Thursday, September 21, 2017

Off the beaten track in Thailand

Travelling to Thailand but want to avoid the crowds? Believe it or not, there are still parts of the country that haven’t been overrun by tourists. 

Lampang is home to gleaming pagodas to rival Chiang Mai’s, such as Chalermprakiet Temple. Photo: ShutterstockLampang is home to gleaming pagodas to rival Chiang Mai’s, such as Chalermprakiet Temple. Photo: Shutterstock

For a responsible elephant experience visit the Thai Elephant Conservation Center on the highway to delightful Lampang (just over an hour’s drive south-east by road), which is under Royal Patronage and cares for over 50 elephants, including the king’s white elephants, and is active in rehabilitation, conservation, breeding and research.

Lampang, which is home to gleaming pagodas and antique timber houses to rival Chiang Mai’s, is worth a detour. Burmese temple Wat Sri Rong Muang has embellished pillars and multi-tiered roofs, while atmospheric Ban Sao Nak (or House of Many Pillars), dating to 1895, has 116 pillars and antique-filled rooms. Ironically, for one of the area’s least touristy towns, the most popular activity is an old town horse-drawn carriage – because it was once the town’s only form of transport.

Countryside and Khmer ruins
North-eastern Isaan is Thailand’s largest, poorest and least developed region. It’s also the country’s most dramatic, delicious, bucolic and quirkiest destination. This is cowboy country, Thailand’s rural heartland, beloved by locals for its folk music called Mor lam, fiery cuisine and farm stays. It’s also home to splendid Khmer Empire temples – like Cambodia’s, but without the tourists.

While distances are long, it’s possible to get a taste of the region in a few days. From Chiang Mai fly to Udon Thani airport, where you can collect a rental car (try Sixt, from US$30 per day) or hire a car with a driver (from $100 per day). Buses run less frequently but are better for longer trips.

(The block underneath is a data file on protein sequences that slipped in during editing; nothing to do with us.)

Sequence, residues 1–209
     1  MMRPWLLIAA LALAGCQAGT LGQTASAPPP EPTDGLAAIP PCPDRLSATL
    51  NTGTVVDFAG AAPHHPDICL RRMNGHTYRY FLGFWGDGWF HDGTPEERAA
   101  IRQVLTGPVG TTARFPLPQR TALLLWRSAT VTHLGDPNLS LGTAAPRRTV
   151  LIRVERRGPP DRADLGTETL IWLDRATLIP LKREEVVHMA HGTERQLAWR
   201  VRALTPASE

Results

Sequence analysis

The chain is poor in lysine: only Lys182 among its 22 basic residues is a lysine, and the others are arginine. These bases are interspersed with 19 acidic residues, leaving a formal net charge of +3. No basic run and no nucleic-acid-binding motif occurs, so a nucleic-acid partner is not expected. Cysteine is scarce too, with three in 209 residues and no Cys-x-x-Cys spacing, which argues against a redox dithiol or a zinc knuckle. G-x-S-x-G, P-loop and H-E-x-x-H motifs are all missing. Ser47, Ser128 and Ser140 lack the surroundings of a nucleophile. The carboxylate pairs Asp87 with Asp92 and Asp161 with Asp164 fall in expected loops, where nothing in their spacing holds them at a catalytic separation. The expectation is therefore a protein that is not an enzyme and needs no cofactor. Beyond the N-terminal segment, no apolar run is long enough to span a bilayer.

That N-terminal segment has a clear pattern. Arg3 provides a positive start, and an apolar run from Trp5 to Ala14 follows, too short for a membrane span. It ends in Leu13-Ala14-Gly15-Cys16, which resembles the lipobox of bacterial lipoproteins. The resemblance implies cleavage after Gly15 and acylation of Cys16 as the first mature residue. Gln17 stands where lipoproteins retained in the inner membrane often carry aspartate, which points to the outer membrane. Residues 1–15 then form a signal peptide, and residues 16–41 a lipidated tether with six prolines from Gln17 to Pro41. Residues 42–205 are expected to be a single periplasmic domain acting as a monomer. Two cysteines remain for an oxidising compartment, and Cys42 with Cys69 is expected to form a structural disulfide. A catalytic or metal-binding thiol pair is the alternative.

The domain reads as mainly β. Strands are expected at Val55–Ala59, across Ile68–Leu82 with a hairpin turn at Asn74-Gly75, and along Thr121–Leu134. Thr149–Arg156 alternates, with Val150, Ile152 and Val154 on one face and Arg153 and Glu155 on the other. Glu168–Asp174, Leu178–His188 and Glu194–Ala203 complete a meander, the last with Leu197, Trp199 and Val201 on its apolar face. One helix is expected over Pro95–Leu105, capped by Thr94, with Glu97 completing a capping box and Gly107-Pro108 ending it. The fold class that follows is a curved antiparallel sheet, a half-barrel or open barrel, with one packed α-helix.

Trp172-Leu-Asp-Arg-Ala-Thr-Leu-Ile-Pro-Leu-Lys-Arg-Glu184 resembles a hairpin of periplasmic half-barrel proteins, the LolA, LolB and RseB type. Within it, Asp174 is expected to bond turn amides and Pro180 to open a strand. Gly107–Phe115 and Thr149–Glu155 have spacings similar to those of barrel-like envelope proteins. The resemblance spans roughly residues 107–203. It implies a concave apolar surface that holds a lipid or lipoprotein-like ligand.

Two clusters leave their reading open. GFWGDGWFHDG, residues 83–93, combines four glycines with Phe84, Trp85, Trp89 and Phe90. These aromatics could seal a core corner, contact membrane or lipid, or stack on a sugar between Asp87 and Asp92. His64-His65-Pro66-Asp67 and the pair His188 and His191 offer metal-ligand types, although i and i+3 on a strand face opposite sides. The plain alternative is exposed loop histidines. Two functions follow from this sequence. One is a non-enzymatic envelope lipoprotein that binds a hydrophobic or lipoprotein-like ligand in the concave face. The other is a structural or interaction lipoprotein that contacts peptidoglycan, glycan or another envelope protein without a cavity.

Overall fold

From Udon Thani, do a loop west over rolling green hills toward Loei and its colourful flower market-gardens, south-west to Dan Sai, for its ramshackle wooden houses and mask-makers – the masks are worn during the town’s rainmaking festival Phi Ta Kon in March-July – before driving south via Lom Sak and east along quiet roads covered by tree canopies to Khon Kaen.

Friendly university city Khon Kaen is Isaan’s foodie capital, famous for spicy som tam salad and fiery curries, best sampled at its lakeside night market. Stay at family-owned Supanniga Home, set in sprawling gardens just out of town, or in the centre at modern Piman Garden Hotel, close to the markets and lake Beung Kaen Nakhon, where locals exercise and eat.

Head south via the silk weaving village of Chonnabot, where you can watch weavers work in their homes when they’re not working their farms, to the walled town of Phimai for its elegant 11th-century Khmer empire temple complex Prasat Hin Phimai. Push on to Surin, home to an annual elephant round-up, as well as a laid-back Isaan vibe, and stay overnight at a welcoming homestay, Pirim-Aree’s House.

Nakhon Ratchasima
This busy little Thai city with fantastic street food rarely sees tourists. Check out kooky Farm Chokchai, a favourite with Bangkok tourists for learning to ride tractors, milk cows, make ice cream and watch cowboys performing horseback stunts.

Islands and beaches
Most travellers stay on southern Thailand’s most popular destinations – Phuket, Krabi and Koh Samui. They’re easy to reach, included in most packages and boast fine beaches, and Phuket’s old town has its charms; but on the downside, they get uncomfortably crowded and are very developed, hideously so in parts. Instead, spend a couple of days each at two low-key alternatives.

Equidistant from Phuket and Krabi, and easy to reach from both by boat, Ko Yao Noi lies on the edge of striking Phang Nga Bay and is one of Thailand’s most laid-back islands. The beaches may not be breathtaking and swimming is best at high tide, but the lack of development, unpretentious accommodation, easygoing locals, pristine forests, birdlife, wildlife and fishing make it infinitely more appealing than its neighbours. Did I mention the spectacular sunsets?

In the Andaman Sea, near Myanmar’s southern coast, are two blissful islands, surprisingly accessible from Bangkok with Nok Air to Ranong (95 minutes) and then transfer by boat.

Koh Phayam is the sort of island where not long after checking into your beach bungalow and settling into your hammock to listen to the waves lap against the shore, you find yourself drafting a job resignation letter in your head. There are a dozen rustic places to stay, no ATMs, one supermarket and a few roads. When you tire of doing nothing, there’s diving, snorkelling, kayaking, fishing, jungle treks and birdwatching.

If that sounds like too much activity, then try Ko Chang Noi. A favourite of artists and musicians, this is an island for beach bums who want to get back to nature. Don’t expect room service, air conditioning, hot water or even electricity for the entire day. Best pack a guitar or paintbrushes.

– The Guardian